Technology

The Age-Old Question: Mac or PC?


Our columnist says that despite the new Windows Vista operating system, if you can afford it, buy a Mac

Reader John Sandoz writes: I'm in the market for a new PC, especially after your recent remarks about upgrading to Vista (see BusinessWeek.com, 1/4/07, "Vista: Upgrade—or Trade Up?") I'm also considering an Apple, primarily because I've read that Apple machines seem not to experience the never-ending attacks from hackers. Is this because of the design of Apple's operating system or because the relatively small number of Apple PCs in the market is not enough to attract attention from hackers?

I'm probably a little above average in tech-savvy, so I'm not afraid to learn a new operating system, even after using Windows forever. I'm a statistical analyst, so I'm primarily interested in technical applications. I also use the Net, but no games, music, or TV. So what's your recommendation, Apple (AAPL) or Vista? I'd appreciate any advice you can offer.

To take your last question first: The coming of Vista does not change my basic recommendation. Unless you have a compelling reason to run Windows or are very constrained by budget (since you can buy a usable PC for less than the cost of the least expensive Mac), the Mac is best choice for consumers.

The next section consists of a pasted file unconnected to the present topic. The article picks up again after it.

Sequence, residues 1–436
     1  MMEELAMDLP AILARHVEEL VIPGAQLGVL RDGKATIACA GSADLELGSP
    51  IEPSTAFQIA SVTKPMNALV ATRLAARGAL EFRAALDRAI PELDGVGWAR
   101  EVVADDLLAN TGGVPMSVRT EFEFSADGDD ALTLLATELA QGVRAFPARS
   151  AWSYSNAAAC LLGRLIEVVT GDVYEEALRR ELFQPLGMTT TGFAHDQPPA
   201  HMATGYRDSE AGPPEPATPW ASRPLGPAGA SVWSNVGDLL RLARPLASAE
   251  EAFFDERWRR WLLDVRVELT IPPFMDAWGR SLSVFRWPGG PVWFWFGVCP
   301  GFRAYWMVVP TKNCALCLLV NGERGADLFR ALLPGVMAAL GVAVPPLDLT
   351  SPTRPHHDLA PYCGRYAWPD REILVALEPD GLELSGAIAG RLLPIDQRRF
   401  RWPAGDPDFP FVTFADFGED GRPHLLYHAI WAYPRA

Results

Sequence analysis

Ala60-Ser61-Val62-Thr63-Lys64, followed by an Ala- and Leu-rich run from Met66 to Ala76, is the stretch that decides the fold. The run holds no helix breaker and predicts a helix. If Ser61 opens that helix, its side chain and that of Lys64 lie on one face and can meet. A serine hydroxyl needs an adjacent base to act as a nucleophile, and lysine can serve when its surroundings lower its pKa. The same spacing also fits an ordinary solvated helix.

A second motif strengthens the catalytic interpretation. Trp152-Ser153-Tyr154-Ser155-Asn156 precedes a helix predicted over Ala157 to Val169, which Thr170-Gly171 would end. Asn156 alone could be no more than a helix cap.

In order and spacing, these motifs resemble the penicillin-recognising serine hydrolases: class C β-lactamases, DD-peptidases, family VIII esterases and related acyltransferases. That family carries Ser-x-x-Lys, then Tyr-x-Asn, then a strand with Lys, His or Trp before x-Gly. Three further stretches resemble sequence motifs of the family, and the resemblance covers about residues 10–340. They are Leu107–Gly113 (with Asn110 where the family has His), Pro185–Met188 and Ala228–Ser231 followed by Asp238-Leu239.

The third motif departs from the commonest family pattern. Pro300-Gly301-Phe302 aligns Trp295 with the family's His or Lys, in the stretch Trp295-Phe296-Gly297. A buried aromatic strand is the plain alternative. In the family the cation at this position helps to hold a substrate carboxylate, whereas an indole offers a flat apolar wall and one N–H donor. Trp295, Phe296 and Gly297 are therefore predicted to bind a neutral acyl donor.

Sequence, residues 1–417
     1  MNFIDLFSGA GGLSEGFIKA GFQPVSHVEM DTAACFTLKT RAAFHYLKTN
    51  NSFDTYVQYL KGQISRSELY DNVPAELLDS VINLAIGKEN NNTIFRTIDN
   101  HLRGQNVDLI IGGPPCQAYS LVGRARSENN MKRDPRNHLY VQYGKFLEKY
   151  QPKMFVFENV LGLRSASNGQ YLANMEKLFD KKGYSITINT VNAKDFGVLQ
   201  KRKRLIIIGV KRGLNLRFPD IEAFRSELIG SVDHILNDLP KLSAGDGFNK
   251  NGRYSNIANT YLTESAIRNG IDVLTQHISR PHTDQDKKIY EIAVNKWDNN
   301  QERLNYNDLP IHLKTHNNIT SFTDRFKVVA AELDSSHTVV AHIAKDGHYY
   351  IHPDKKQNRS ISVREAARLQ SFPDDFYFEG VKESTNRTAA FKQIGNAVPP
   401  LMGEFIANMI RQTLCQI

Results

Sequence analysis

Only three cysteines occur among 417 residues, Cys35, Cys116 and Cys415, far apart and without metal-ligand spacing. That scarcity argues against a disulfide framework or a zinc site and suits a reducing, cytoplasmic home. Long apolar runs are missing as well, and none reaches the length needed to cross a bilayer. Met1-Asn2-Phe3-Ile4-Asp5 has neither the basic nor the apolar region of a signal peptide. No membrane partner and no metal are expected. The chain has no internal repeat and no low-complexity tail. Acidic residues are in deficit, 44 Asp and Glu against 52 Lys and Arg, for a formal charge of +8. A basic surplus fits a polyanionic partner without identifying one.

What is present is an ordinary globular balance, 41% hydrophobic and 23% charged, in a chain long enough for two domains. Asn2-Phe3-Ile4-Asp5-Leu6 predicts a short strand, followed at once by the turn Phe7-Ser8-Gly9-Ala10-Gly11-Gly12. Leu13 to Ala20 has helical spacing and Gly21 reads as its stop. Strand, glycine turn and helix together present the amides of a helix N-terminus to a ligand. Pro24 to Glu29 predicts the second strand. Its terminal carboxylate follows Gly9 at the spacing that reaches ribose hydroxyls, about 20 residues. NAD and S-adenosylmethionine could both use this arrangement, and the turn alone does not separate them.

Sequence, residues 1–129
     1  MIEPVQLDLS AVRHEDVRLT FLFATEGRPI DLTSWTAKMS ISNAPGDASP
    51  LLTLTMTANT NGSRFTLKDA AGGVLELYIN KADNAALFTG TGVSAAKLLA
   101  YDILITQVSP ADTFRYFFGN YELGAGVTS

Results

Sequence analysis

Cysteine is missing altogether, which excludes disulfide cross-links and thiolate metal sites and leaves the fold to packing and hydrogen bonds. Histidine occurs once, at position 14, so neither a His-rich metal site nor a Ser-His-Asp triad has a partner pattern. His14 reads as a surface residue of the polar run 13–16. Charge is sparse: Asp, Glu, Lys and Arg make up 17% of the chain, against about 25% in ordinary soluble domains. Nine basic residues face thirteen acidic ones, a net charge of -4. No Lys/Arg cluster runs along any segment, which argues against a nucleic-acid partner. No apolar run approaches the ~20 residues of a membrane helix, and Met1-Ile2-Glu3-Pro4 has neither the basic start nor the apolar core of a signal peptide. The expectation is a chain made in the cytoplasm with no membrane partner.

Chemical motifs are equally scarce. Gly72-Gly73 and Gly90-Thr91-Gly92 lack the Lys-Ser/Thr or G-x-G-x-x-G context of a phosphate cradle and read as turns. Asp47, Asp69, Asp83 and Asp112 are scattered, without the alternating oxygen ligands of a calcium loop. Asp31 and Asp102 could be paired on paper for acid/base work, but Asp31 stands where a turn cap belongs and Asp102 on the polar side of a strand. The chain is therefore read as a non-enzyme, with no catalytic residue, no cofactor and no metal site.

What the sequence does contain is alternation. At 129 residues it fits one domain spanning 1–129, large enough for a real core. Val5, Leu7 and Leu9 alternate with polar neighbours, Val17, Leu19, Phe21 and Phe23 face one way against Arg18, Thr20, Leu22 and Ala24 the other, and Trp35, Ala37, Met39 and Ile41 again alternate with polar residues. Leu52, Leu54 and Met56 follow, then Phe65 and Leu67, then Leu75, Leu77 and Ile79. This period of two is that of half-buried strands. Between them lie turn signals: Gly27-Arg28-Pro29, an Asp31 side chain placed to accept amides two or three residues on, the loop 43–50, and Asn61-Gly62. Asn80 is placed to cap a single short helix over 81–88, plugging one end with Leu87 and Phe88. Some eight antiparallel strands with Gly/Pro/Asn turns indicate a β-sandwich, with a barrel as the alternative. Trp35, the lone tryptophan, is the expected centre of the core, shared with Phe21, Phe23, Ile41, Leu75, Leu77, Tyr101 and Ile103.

The question of whether Mac OS X has been relatively free from attacks because it is less popular or because it is less vulnerable is an old and probably irresolvable one. I think the answer is a little of both. These days most attacks on computers are carried out for financial gain, and Windows is by far the more lucrative target.

In terms of raw numbers of vulnerabilities, Windows XP (we don't have any data yet on Vista) and OS X are about the same; the comparison is made a little difficult because Apple, which like Microsoft (MSFT) releases a monthly bundle of security patches, is less specific about what it is fixing. A critical difference, though, is that Windows vulnerabilities have been much easier for the bad guys to exploit successfully.

Architectural changes in Vista and Internet Explorer 7 are supposed to fix that. There's no doubt that the default configurations of both Vista and IE 7 are more secure than their predecessors, but only time will tell how much of a difference this makes in the real world.

Wildstrom is Technology You columnist for BusinessWeek. You can contact him at techandyou@businessweek.com .

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